A man described as the mastermind of the 1996 bombing of the Khobar Towers U.S. military residence in Saudi Arabia has been captured after nearly 20 years on the run, officials said August 26.
Ahmed al-Mughassil, leader of the Saudi Hezbollah group and one of the FBI's most wanted terrorists with a $5 million bounty on his head, was under indictment for the attack on a U.S. Air Force dormitory that killed 19 U.S. service personnel and wounded almost 500 people.
Mughassil, also known as Abu Omran, was captured in the Lebanese capital Beirut two weeks ago after traveling there from Iran, and transferred to Riyadh, U.S. and Saudi officials said. Saudi intelligence believes that four other suspects wanted in the bombing are living in Iran.
Saudi Arabia and the United States have accused Iran of orchestrating the devastating truck-bomb attack. Iran has denied any responsibility.
In 2006, a U.S. federal judge ordered Iran to pay $254 million to the families of 17 U.S. service personnel killed in the attack in a judgment entered against the Iranian government, its security ministry, and the Revolutionary Guards.
The 209-page ruling found that the truck bomb involved in the attack was assembled at a base in Lebanon's Bekaa Valley operated by Hezbollah and the Revolutionary Guards, and the attack was approved by Iran's Supreme Leader Ayatollah Ali Khamenei.
The militant group Hezbollah Al-Hejaz confirmed that the suspect Mughassil, a 48-year-old Saudi, was stopped by security officials at Beirut airport and detained on August 7.
The Saudi newspaper Asharq al-Awsat called the capture of Mughassil an "achievement, for the man had been in disguise in a way that made it hard to identify him."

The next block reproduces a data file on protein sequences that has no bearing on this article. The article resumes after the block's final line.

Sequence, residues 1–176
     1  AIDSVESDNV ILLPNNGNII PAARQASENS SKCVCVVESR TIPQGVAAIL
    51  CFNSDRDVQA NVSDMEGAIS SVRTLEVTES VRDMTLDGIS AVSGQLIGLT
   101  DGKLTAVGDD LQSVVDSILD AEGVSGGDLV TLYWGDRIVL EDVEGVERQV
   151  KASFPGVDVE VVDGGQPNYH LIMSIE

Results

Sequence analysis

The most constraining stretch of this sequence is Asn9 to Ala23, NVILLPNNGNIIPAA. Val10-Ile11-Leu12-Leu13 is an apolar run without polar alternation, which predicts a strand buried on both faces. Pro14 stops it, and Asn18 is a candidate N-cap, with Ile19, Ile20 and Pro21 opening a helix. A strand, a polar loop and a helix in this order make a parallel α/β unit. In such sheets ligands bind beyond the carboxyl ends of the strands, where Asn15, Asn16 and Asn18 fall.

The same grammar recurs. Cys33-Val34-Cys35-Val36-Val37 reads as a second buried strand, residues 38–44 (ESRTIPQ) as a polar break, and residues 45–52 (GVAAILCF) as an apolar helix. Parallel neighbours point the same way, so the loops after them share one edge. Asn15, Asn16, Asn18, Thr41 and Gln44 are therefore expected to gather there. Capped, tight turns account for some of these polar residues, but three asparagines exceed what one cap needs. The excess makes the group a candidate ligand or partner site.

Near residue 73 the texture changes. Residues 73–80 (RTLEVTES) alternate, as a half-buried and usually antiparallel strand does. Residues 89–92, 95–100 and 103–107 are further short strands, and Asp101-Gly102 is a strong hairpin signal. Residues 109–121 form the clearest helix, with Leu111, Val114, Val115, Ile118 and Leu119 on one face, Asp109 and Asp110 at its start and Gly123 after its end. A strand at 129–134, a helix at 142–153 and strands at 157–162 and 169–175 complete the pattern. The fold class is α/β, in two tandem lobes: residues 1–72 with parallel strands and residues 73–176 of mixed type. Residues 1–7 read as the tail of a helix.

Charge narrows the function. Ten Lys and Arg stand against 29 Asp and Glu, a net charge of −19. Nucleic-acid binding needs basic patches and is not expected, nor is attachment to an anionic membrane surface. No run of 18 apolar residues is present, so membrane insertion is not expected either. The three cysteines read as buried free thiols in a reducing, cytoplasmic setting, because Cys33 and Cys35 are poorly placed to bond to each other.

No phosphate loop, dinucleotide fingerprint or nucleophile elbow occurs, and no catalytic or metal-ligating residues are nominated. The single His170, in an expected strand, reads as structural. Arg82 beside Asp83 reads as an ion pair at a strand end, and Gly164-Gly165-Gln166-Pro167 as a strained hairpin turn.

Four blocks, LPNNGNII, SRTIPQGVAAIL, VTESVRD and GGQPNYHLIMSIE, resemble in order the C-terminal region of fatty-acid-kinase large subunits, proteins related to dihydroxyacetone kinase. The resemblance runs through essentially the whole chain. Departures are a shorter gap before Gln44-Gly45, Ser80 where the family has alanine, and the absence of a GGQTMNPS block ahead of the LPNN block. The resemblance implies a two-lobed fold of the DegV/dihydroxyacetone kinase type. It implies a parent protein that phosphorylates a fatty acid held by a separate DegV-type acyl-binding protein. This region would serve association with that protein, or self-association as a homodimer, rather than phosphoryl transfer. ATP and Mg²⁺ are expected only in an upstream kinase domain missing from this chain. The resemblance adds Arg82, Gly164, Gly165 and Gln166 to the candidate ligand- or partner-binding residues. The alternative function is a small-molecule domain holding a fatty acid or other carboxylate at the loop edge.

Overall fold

Details of Mughassil's life remain elusive. He was born in Saudi Arabia's eastern city of Qatif, a predominantly underdeveloped Shi'ite region that is home to the kingdom's vast oil reserves.
Toby Matthiesen, who has written extensively on Saudi Shi'ites in a book titled "The Other Saudis," said Mughassil was rumored to have gone to Iran after the 1979 revolution and is believed to have fought at some point in Lebanon's 15-year civil war that ended in 1990.
The Saudi Hezbollah group, also called Hezbollah al-Hejaz, was established in Saudi Arabia's Eastern Province in 1987 in retaliation for the killing of more than 400 Iranians who died in clashes that same year with Saudi riot police in Mecca during the annual hajj pilgrimage.
In the 1996 bombing, militants parked a fuel tanker truck just outside the shallow perimeter of the Khobar Towers apartment complex, 85 feet from one of the eight-story dormitories. The blast tore the face off one side of the building, leaving a massive crater.
Three other Saudis are still on the FBI's most-wanted list for the attack: Ali al-Hoorie, Abdelkarim al-Nasser, and Ibrahim al-Yacoub.
Nine other Saudis have been imprisoned in the kingdom for the past 19 years after secret trials with unknown verdicts in connection with the attack, Matthiesen said. It's unclear whether Mughassil will face a similar trial or be given one in a special court handling terrorism cases.